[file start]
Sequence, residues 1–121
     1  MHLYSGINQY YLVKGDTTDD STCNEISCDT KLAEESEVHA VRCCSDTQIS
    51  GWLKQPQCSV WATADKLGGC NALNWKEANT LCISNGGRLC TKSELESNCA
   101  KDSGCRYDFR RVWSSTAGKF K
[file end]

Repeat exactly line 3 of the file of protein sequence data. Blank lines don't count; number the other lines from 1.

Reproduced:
    51  GWLKQPQCSV WATADKLGGC NALNWKEANT LCISNGGRLC TKSELESNCA